Gargantuan sea monsters I have loved (Review)

Giant beasts lurking out of sight beneath us in the depths of the water capture the imagination. Partly because of the very real possibility that unknown creatures really do exist in the shadowy, deep water…

A sea monster story does not survive on the surprise element – we all know that the creature is going to go on a rampage at some point, and casualties will occur. The real fun is watching the shocked characters realise that the beast is real, try and decide what it is, and then work out how to either escape it or kill it!

Finding a new sea monster story is exciting, although not as exciting is actually finding a GOOD sea monster story…! So many can drop away into the depths of a weak plot, or, even worse, an unconvincing creature. Yet, still I persist, and so should you! Many of the books I have have been found accidentally in second-hand shops, and a number have proven to be real gems.

There have been many different approaches to the genre, from the real-world giant-sea-beast format of Jaws, through to the supernatural and science fiction.

Peter Benchley was the author of the classic ‘Jaws’ series of books, dealing with killer white pointer sharks, each shark larger than the previous. He put us into the head of the shark for a fascinating ride. Steve Alten took the giant shark story to new levels, featuring the extinct shark Megalodon as the perpetrator in his novel ‘Meg’. Robin Brown used the same creature in the novel ‘Megalodon’ – but don’t make the mistake of reading this book instead of Alten’s!

Benchley takes biology on another ride in ‘Beast’, using the giant squid as the sea monster. This novel has some wonderful awe inspiring moments, painting scenes that stay with me still.

Unusual or giant squid feature in great short stories by HG Wells and William Hope Hodgson. Wells’ story, ‘The Sea Raiders’, features a brief coastal-shallows invasion by swarms of large squid, while Hodgson’s story ‘The Thing in the Weeds’, shows a strange night-time attack on a ship by a mysterious entity lurking in a marine clump of weed.

Sea monsters were considered a fact of ocean travel, and this idea spawned many classic novels. Jules Verne takes us ’20,000 Leagues Under the Sea’, showing the amazing and occasionally dangerous marine creatures. Herman Melville’s tale of revenge and obsession, ‘Moby Dick’, pits man against a whale that fights back successfully! Sir Arthur Conan Doyle drops to the depths of the ocean, displaying a lack of knowledge of physics in ‘The Maracot Deep’, but entertaining nonetheless.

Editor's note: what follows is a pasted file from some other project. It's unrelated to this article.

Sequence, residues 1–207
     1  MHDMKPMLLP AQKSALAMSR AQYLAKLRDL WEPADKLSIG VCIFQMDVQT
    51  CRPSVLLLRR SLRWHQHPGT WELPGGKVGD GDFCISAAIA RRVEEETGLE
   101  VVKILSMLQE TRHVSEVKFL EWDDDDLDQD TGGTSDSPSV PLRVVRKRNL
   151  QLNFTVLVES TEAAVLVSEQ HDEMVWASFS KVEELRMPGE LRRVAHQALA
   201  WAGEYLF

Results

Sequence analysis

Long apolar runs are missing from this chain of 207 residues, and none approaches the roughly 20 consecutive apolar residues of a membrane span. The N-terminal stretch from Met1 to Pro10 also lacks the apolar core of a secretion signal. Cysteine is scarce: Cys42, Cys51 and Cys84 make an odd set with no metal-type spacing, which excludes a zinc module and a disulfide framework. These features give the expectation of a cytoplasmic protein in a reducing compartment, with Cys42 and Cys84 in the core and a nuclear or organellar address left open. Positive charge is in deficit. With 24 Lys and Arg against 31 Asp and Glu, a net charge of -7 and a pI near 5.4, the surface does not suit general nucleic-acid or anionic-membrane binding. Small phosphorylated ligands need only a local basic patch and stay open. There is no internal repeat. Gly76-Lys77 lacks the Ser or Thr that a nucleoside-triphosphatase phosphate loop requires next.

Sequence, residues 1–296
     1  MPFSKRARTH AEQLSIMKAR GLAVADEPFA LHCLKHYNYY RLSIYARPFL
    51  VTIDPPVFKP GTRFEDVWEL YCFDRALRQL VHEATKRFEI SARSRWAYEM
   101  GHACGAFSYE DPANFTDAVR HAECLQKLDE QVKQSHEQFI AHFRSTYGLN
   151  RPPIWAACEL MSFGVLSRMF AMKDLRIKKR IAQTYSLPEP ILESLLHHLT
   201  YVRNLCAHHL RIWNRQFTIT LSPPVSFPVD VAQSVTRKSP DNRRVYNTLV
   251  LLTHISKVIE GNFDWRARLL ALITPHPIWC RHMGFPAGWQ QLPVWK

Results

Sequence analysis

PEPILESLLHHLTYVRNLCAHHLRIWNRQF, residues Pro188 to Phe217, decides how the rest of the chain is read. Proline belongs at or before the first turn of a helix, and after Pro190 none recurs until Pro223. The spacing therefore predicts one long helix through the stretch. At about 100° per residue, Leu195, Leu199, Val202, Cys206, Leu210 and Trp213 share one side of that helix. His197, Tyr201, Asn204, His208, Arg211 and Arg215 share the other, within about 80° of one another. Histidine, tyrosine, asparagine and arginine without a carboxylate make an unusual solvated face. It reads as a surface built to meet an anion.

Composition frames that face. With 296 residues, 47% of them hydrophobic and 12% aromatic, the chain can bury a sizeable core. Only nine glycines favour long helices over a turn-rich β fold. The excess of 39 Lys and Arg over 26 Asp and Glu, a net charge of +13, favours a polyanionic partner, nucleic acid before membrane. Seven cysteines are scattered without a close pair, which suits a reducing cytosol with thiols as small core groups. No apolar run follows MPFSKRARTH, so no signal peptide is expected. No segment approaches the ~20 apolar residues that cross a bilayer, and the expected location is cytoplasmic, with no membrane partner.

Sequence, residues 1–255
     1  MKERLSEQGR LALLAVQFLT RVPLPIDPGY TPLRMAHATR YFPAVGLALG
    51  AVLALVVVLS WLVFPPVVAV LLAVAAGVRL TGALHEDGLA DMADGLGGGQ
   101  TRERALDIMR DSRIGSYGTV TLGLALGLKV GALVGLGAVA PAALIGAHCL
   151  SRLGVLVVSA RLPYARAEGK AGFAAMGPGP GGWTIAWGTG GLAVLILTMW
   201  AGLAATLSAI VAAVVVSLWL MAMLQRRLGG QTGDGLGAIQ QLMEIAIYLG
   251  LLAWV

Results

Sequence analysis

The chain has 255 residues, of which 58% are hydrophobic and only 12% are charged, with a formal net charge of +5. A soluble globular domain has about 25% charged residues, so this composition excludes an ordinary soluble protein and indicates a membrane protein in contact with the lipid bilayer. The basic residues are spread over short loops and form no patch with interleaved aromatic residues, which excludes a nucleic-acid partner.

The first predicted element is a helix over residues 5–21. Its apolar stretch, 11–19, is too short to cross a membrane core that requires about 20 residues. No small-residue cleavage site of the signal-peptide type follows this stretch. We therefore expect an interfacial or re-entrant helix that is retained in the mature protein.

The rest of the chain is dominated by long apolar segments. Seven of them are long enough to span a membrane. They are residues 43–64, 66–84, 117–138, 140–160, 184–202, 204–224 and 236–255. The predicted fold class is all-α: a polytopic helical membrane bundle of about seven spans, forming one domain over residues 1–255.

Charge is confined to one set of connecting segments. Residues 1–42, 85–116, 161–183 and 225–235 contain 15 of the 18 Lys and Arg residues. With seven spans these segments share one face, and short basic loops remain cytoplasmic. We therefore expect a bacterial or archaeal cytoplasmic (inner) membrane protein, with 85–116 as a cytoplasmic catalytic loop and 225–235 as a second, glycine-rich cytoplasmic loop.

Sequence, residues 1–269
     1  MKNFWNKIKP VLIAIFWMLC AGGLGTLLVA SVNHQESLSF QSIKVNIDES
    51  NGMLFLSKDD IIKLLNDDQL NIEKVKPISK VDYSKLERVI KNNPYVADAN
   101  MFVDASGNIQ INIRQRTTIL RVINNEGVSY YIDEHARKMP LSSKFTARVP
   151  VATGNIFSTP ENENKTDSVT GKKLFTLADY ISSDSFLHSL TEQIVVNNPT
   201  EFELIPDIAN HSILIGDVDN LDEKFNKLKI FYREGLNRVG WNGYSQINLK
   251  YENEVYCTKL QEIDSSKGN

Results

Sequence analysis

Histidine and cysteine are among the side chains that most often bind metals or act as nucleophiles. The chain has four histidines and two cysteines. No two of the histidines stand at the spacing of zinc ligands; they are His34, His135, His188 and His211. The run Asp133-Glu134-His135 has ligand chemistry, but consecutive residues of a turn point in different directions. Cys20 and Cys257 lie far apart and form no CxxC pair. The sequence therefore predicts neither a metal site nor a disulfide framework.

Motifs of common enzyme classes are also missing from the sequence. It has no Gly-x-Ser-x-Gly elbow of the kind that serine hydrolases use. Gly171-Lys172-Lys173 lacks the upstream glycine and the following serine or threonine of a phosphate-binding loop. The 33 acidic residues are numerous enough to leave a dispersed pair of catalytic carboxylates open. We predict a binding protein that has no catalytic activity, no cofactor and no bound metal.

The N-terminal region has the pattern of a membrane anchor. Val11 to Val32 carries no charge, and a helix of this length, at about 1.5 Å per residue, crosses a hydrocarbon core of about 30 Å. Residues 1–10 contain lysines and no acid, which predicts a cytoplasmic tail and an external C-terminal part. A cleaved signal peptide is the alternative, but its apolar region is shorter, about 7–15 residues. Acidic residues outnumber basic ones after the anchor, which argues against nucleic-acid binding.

Science fiction has embraced sea monsters. As a child I was fascinated by Jack Vance’s novel ‘The Blue World’, where descendants of space crash survivors live on an all-water planet. With no technology, they form settlements on giant waterlily leaves, and placate the giant creatures that swim beneath them.

Arthur C Clarke takes a failed space pilot into the depths in a submarine in ‘The Deep Range’. The future eats whale meat, farmed in the ocean. Teams of whale wranglers protect their herds from predation by hungry giant squid, and glimpses of strange creatures beyond the depth of their submarines.

‘Cachalot’, by Alan Dean Foster, is an ocean planet given to the surviving whales of Earth. The alien planet enables the many types of whale to grow to sizes far beyond what they did on Earth, and their help is sought to uncover the alien force that is attacking the floating human settlements. I found the ending to be fascinating.

Benchley’s ‘White Shark’ is a sci-fi horror that does not feature a shark, or any real entertainment. John Wyndham’s ‘The Kraken Wakes’, similarly does not feature a kraken.

The master of horror, HP Lovecraft, tackles a threat from the sea in ‘The Shadow Over Innismouth’. A genuinely creepy short story; I’ve read and re-read this many times to soak up the atmosphere. Other horror efforts have not been so successful, such as the appalling ‘Saurian’ by William Schoell, where a giant reptile creature destroys coastal property, and ‘Night of the Crabs’, by Guy N. Smith, where giant crabs attack.

Marine biologist Richard Ellis has written ‘Monsters of the Sea’, a fantastic look at most of the legends and creatures ever featured in a sea monster story, and many books on cryptozoology (the pseudo-scientific search for hidden animals) discuss unknown sea creatures, such as the Loch Ness Monster and the great sea serpent.

Sea monster stories endure through to present day, with new sightings of mysterious creatures fuelling speculation of what lurks in the ocean depths. Do prehistoric reptiles still swim beneath us? The kraken has been tagged and bagged. Discoveries of new and giant marine beasts only leave us asking – what mythical sea beast will we find next?

© 2008 Damian Herde

Gargantuan sea monsters I have loved (Review)


Toowoomba, Australia

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Subtitle: When Biology Attacks – the Sea Monster Genre.
A brief review of sea monsters in fiction. Some of my favourites, and why they’re great!

This has been published in the first issue of Greenbeardmag.

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